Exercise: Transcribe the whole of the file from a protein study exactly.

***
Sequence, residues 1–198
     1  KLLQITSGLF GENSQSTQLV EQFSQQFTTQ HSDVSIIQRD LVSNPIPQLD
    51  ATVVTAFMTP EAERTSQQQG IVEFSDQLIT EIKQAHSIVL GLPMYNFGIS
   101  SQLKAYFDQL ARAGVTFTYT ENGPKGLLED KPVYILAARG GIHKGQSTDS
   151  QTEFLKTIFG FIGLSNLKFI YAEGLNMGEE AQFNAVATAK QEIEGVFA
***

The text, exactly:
Sequence, residues 1–198
     1  KLLQITSGLF GENSQSTQLV EQFSQQFTTQ HSDVSIIQRD LVSNPIPQLD
    51  ATVVTAFMTP EAERTSQQQG IVEFSDQLIT EIKQAHSIVL GLPMYNFGIS
   101  SQLKAYFDQL ARAGVTFTYT ENGPKGLLED KPVYILAARG GIHKGQSTDS
   151  QTEFLKTIFG FIGLSNLKFI YAEGLNMGEE AQFNAVATAK QEIEGVFA